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Hancock Town Meeting Features Major Question on School Choice
By Stephen Dravis, iBerkshires Staff
05:10AM / Friday, May 03, 2024
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HANCOCK, Mass. — Town meeting voters will be asked Monday to approve a request to change state law in a way that will preserve education at Hancock Elementary School.
They also may be asked to take a stand on an addition to the town report that stirred some controversy in the town of 757.
Article 18 on the annual town meeting warrant is a home-rule petition to ask the Legislature to exempt the single-school district from a provision in state law that enables students enrolled under Massachusetts' School Choice program to continue their education at the same school as their classmates after sixth grade.
Massachusetts General Law Chapter 76, Section 12B, subsection (k) specifies that, "Any child accepted to attend a public school in a community other than the one in which he resides pursuant to this section shall be permitted to remain in that school system until his high school graduation … ."
Although it is not a new provision of the enabling legislation that created school choice in the commonwealth, it only recently came up in the context of the handful of schools, like Hancock Elementary, that are not part of a K-12 district and, instead, have tuition agreements with secondary schools.
In the case of Hanocock, it has two tuition agreements, one with New Lebanon High School in New York and one with Mount Greylock Regional School in Williamstown.
For decades, the town has sent its resident students to one of those two schools after sixth grade, paying a per-pupil tuition rate until graduation. Pupils who attended Hancock Elementary under school choice either found another school choice option for middle and high school or returned to their "home district" for seventh grade and beyond, Hancock Superintendent Rebecca Phillips explained on Tuesday.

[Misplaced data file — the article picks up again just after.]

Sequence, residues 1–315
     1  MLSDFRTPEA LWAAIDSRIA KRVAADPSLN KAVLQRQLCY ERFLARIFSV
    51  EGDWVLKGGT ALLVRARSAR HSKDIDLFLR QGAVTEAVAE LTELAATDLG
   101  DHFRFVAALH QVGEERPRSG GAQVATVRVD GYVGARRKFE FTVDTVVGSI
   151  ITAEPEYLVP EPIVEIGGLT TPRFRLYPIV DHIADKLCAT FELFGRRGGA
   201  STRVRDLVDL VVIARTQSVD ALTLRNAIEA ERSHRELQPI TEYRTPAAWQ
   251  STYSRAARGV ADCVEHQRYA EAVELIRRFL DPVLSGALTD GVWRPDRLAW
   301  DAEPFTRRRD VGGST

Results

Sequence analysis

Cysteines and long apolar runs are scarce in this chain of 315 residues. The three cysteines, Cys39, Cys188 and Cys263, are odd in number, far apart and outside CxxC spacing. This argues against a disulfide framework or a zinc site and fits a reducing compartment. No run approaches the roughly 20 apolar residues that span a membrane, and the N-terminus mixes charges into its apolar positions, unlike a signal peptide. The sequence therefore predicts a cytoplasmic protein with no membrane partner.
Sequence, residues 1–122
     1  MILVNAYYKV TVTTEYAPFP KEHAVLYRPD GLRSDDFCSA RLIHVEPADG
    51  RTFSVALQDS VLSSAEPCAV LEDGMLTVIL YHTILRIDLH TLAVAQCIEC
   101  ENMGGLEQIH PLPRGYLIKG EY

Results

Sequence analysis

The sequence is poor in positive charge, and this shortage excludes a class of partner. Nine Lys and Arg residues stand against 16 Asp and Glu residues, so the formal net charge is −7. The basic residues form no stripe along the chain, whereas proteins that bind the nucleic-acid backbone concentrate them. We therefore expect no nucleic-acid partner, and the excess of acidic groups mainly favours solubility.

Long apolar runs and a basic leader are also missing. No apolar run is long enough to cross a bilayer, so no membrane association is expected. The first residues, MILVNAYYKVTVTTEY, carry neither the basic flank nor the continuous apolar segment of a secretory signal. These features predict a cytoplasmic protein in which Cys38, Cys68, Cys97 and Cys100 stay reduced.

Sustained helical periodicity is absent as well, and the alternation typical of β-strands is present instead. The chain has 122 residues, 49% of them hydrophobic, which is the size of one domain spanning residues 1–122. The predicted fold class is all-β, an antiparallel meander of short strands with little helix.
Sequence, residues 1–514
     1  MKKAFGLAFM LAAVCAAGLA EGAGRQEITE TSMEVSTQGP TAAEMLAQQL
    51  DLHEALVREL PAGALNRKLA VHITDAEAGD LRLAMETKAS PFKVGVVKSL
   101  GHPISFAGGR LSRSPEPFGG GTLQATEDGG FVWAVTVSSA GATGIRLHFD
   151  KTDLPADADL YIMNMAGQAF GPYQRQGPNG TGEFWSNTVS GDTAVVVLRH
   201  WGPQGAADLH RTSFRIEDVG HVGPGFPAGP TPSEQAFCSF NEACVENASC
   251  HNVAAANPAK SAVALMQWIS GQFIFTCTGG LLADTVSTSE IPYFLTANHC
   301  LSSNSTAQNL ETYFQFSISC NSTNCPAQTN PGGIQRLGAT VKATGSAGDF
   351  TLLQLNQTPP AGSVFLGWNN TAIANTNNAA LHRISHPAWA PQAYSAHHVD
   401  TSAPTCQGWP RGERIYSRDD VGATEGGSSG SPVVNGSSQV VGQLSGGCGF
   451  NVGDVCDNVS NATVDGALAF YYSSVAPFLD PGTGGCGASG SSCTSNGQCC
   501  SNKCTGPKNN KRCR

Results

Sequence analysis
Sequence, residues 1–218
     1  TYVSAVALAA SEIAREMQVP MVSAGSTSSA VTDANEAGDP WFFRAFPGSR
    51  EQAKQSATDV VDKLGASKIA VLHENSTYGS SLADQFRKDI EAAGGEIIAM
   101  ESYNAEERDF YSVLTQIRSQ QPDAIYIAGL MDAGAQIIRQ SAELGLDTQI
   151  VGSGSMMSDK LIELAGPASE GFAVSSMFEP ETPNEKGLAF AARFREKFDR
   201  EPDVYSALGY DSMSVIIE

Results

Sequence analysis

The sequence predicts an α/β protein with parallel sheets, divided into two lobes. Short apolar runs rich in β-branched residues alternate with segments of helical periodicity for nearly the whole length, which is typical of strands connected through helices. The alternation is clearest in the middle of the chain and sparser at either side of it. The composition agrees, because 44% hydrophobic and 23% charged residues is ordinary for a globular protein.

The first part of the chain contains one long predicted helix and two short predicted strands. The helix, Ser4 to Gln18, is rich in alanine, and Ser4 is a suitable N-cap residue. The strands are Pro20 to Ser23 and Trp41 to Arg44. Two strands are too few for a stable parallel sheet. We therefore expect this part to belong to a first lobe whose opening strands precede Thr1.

"We weren't aware of subsection (k)," Phillips said. "I believe there are 11 or 12 districts in the state that fall under this. We were not aware until a memo was distributed last September [by the Department of Elementary and Secondary Education] that was designed to remind districts of their obligation under section (k).
"It did cause a lot of concern for these districts. It's something people were not aware of. It's one of those things that was overlooked for literally 30 years."
Now that it is on Hancock's radar, the district has two choices: keep accepting school choice pupils for kindergarten through sixth grade and accept the tuition bill that they bring or pull out of the school choice program going forward.
Fortunately, for the school choice enrollees already attending Hancock, the district has a plan to pay the bill for the next few years without blowing up the town budget.
"We've been judicious about not spending [school choice revenue] in hopes at some point we could do a small addition," Phillips said. "That's been the goal of saving this money. In the event the home-rule bill is not passed, we would use that money."
And it would be a significant bill for a town the size of Hancock.
The district currently pays about $18,000 per year for tuition for students in seventh- through 12th-grade at Mount Greylock. For school choice students, that would be partially offset by the $5,000 any school district receives for choice enrollees.
But it still would add up to $13,000 per year per choice student, Phillips said. Over a six-year career at Mount Greylock, that's $78,000, before inflation.
To put that number in perspective, Hancock's total education budget to be raised in local property taxes for fiscal year 2025 (if approved by Monday's meeting) is a little more than $2 million.